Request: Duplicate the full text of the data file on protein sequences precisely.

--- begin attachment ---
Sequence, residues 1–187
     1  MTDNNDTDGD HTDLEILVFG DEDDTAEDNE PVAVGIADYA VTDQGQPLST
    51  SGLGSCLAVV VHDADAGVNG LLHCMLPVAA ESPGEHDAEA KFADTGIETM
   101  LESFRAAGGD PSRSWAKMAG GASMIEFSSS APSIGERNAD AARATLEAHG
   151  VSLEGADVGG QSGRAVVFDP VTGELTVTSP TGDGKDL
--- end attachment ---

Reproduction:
Sequence, residues 1–187
     1  MTDNNDTDGD HTDLEILVFG DEDDTAEDNE PVAVGIADYA VTDQGQPLST
    51  SGLGSCLAVV VHDADAGVNG LLHCMLPVAA ESPGEHDAEA KFADTGIETM
   101  LESFRAAGGD PSRSWAKMAG GASMIEFSSS APSIGERNAD AARATLEAHG
   151  VSLEGADVGG QSGRAVVFDP VTGELTVTSP TGDGKDL